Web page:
But such a one as believes in his resurrection from the dead, the same prepares here for the future life; attempts to live in accordance with the commandments of the Lord; honours the feasts of the Lord; and takes care not to offend against their sanctity through deeds of carnal impurity. And what was done among us, us Orthodox Christians, on this radiant Feast? It is shameful even to speak of it; but it is necessary to do so. Christians, to the great grief of Holy Mother the Church, turned the bright days of Pascha Week into dark days, days deserving of tears and lamentation. So very many celebrated not the feast of Christ’s Resurrection, and our own resurrection from dead works, but a feast of demonic resurrection in their souls. The Great Fast was a defeat of, was death for, the devil; because he fled from many souls and died to them, as it were, after their sincere repentance and communion of the Holy Mysteries; but on the feast of Pascha he rose again in not a few souls. How did he arise? Through gluttony, drunkenness, outrage and other vices that drunkenness gives rise to, and to which many Christians gave themselves over. It is thus that Christians love Christ; it is thus that they celebrate the greatest holiday of the year! What benefit is there in such people calling themselves Christians? Many pagans live better lives than that and, without a doubt, are more worthy in God’s eyes than are they. Those of other [non-Christian] faiths and those who are not Orthodox, who dwell in our city [Kronstadt] are astonished at such behaviour, and on so great a holiday, and say: there are the Christians, for you; there are the Orthodox, for you! They celebrate like real pagans, and on such a holiday, yet! That is what those of other faiths and those who are not Orthodox say of us. But what does the Lord Himself say of our holidays; or, more precisely—of our observance of them? My soul hateth your festivals, and I cannot bear the great day, saith the Lord, I am surfeited; I will no more pardon your sins (Esaias 1, 14).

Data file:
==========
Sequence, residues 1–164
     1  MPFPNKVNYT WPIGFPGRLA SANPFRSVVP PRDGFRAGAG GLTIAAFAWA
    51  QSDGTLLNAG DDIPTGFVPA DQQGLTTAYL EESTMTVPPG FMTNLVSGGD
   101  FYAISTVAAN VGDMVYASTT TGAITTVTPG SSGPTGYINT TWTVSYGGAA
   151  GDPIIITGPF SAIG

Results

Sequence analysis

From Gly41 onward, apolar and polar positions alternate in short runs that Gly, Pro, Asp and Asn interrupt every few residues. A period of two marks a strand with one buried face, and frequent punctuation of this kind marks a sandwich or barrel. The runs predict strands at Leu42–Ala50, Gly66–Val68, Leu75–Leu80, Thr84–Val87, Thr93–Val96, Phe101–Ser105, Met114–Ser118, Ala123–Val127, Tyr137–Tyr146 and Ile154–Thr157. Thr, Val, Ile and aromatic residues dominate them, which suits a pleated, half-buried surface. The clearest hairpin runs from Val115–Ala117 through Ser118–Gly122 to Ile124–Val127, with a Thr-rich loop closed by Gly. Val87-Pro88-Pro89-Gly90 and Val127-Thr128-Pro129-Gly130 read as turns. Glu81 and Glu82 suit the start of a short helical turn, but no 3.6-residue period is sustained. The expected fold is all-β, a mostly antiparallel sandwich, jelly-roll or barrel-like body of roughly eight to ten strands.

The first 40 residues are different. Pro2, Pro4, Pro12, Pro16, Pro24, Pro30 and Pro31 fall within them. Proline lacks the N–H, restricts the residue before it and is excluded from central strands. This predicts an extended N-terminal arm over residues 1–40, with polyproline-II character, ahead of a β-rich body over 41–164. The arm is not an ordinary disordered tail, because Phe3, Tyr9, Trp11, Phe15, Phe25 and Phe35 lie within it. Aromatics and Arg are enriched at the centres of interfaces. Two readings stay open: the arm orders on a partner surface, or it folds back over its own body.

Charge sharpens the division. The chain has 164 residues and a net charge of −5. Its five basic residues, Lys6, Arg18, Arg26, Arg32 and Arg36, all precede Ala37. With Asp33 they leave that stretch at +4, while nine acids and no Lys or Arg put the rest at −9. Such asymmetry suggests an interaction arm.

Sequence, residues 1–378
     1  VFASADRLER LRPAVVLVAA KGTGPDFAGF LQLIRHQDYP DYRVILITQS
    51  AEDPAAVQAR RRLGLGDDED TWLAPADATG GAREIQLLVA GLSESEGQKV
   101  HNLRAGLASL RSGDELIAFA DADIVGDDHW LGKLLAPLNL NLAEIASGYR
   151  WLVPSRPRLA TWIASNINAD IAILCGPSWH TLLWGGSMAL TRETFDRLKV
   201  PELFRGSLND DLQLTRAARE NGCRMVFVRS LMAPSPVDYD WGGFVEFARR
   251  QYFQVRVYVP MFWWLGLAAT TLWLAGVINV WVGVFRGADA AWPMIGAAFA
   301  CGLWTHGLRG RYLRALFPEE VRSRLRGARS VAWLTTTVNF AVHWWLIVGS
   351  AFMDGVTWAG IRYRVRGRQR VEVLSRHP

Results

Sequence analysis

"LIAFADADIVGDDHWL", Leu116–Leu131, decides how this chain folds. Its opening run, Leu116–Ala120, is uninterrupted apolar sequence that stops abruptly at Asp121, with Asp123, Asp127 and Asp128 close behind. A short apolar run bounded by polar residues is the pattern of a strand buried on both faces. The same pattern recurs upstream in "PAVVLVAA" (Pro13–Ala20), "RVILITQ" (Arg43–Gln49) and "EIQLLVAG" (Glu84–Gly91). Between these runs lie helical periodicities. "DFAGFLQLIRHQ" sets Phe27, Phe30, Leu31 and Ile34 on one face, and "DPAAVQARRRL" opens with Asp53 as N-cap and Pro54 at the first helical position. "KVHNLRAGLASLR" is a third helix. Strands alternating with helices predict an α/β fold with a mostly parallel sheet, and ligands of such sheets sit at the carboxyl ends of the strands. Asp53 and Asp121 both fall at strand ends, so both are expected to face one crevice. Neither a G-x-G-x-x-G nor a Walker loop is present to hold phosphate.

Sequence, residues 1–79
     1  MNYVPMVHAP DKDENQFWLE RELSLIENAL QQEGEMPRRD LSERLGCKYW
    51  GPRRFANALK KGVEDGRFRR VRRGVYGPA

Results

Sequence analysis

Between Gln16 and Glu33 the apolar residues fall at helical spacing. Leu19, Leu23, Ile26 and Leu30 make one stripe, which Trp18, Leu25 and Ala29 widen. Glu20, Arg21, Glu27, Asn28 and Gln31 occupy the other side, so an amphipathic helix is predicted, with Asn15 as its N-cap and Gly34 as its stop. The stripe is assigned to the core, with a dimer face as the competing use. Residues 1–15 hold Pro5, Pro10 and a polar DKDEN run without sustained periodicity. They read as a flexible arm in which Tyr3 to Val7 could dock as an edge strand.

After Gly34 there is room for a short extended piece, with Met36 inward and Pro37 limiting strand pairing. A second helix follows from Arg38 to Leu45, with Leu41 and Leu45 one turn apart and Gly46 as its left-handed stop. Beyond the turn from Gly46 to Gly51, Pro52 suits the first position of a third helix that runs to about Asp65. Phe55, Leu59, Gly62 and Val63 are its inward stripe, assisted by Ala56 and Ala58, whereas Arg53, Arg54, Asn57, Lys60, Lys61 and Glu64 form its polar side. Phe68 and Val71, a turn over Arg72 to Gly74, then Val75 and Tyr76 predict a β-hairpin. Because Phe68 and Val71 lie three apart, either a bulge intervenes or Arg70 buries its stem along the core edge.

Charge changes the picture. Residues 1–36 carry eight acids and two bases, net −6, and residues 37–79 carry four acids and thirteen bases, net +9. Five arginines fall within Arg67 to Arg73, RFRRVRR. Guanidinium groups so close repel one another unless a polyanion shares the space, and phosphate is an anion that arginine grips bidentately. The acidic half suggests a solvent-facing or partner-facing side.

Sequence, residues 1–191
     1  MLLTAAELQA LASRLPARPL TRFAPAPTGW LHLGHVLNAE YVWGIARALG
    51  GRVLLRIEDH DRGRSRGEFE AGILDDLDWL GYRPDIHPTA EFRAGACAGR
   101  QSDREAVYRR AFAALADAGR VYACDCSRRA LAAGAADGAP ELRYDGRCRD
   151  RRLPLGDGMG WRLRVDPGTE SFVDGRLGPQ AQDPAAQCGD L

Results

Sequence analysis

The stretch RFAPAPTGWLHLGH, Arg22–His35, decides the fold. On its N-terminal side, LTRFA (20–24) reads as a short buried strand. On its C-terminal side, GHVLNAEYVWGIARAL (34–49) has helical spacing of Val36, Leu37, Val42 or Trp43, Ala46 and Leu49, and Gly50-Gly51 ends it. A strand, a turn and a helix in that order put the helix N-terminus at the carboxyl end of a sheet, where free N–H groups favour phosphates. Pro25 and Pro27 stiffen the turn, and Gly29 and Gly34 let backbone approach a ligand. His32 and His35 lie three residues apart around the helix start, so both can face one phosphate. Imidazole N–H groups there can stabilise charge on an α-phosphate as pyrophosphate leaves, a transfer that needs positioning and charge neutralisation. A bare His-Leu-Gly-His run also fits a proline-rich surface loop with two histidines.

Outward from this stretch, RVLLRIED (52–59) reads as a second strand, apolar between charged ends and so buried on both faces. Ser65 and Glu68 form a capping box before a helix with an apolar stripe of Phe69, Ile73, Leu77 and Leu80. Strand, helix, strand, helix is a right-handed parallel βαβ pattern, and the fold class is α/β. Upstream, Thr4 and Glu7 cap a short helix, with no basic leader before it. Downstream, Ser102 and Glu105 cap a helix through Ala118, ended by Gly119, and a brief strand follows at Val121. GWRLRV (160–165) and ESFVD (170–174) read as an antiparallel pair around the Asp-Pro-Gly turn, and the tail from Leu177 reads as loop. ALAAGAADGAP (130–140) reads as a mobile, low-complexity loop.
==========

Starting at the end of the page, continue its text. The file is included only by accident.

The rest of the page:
Brethren! Whom have we begun to resemble? to what extent have we given ourselves over to forgetfulness? And the word of Scripture is being fulfilled in us in all its force: and man, being in honour, understandeth not; he is compared to senseless cattle and hath become like unto them (Ps. 48; 13, 21). Christ the Lord hath honoured us with His name; He hath washed us with His blood; he hath made of us a chosen people, an holy nation ([I] Pet. 2, 9); while we insolently, madly, have despised God’s mercy and dishonour ourselves by all means of dissolute acts. Do not flatter yourselves, brethren: neither thieves, nor murderers, nor fornicators, nor adulterers shall inherit the Kingdom of God (I Cor. 6; 9, 10). Yes, if you do not cease from behaving thus, especially on holy days which, according to the Lord’s commandment, should be consecrated and sanctified, then ye will not see the Kingdom of God.